Wait a minute whaaa..?

Feed me.

No more TV. No more cable.

No, really.

Seems like change is coming on so fast now that you’re likely to break something if you even try to step off the train for a few seconds to remind your self what it feels like not to be moving all the time. Used to be just a handful of stations (for free), then came cable, then came a ton of stations that you could subscribe to for a fee, then came no choice but to subscribe to cable (what some might describe as highway robbery without the highway).

But now, perhaps somewhat as a means of retaliation against Big Cable for squeezing our meager wallets against our will, more and more folks are opting out of the game altogether and choosing against any and all cable. Because now, with the help of the internet, you really don’t need it. There’s Hulu. There’s Netflix. And there’s ways of ordering a season of your favorite show without getting anywhere near a cable. Several friends of mine are making the plunge already, and reports are they’re happy as can be. Especially with the lighter bill.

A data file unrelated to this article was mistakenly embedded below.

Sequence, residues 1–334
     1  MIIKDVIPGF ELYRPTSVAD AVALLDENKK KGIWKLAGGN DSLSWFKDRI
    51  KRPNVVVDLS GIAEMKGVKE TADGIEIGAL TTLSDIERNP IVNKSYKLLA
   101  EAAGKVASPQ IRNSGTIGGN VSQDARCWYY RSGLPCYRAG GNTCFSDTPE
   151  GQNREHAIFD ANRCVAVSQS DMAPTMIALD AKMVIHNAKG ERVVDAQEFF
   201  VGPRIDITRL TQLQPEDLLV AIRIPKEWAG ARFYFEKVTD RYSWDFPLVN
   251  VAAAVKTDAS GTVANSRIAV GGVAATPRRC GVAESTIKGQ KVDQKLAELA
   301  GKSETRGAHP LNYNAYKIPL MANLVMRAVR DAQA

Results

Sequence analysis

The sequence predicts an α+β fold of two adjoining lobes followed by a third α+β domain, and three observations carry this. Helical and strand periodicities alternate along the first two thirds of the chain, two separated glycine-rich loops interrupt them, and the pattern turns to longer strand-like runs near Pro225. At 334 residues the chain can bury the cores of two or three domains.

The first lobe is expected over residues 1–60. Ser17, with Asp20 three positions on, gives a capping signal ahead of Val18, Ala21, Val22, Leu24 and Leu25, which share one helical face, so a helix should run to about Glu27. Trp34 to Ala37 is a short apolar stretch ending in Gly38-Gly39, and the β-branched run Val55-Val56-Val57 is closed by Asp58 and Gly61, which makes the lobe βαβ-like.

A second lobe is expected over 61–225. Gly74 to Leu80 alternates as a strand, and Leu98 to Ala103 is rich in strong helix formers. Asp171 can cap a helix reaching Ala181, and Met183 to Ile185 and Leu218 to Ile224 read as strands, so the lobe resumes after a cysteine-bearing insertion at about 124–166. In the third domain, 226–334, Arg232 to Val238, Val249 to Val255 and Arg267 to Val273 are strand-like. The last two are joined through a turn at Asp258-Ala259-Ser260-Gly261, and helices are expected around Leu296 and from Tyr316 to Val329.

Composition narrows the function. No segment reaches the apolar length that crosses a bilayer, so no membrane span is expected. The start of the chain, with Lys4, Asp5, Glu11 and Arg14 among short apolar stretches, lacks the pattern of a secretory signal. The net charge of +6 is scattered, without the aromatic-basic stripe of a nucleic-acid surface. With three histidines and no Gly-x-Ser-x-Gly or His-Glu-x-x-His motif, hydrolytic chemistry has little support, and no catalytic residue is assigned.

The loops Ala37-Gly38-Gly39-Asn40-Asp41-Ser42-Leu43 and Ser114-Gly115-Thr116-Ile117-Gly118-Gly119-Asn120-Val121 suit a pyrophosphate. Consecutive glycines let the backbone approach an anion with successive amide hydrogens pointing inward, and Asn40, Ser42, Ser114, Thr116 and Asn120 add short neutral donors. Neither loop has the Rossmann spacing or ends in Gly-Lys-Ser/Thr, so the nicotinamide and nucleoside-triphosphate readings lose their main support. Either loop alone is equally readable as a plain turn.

From readwrite.com:

Even as cable/satellite TV carriers like Comcast and DirecTV squabble over dollars and cents with broadcast and cable networks like NBC and Viacom, the very structure of their decades-old business model is under attack from new Internet technologies and services, as well as new government regulations. At stake is the future of how people watch and pay for television and video – and who controls the experience.

With plot twists like last-minute negotiations ending in content blackoutsregulatory changes that could derail well-established business models, and brand new technologies delivering video content in brand new ways, this TV-delivery drama should be a blockbuster.

The question is, what surprises will the next episode bring? The search for possible spoilers brings up a wide range of theories from all over the industry, as various players, regulators and observers try to figure out what happens next.

Kevin Lockett, Digital Media Analyst from Lockett Media, says the result will be a fundamentally changed cable industry – one that will have to be far more transparent and flexible in order to keep its customers from defecting to new Internet-based options. If and when the general public figures out that it now has real alternatives, Locket says, “the cable companies are in trouble.”

I’m not quite there yet, particularly because I have yet to hear that any of these options offer a way to scroll past commercials on recorded shows like with DVR, and that is a huge part of my attraction to DVR. I record all of my shows and rarely watch anything in realtime unless it’s on a prime cable network where there are no commercials. But I’m definitely hopeful that this new switch in viewing habits just might help to bring down rates as cable scurries frantically trying to herd the sheep back into the pen.

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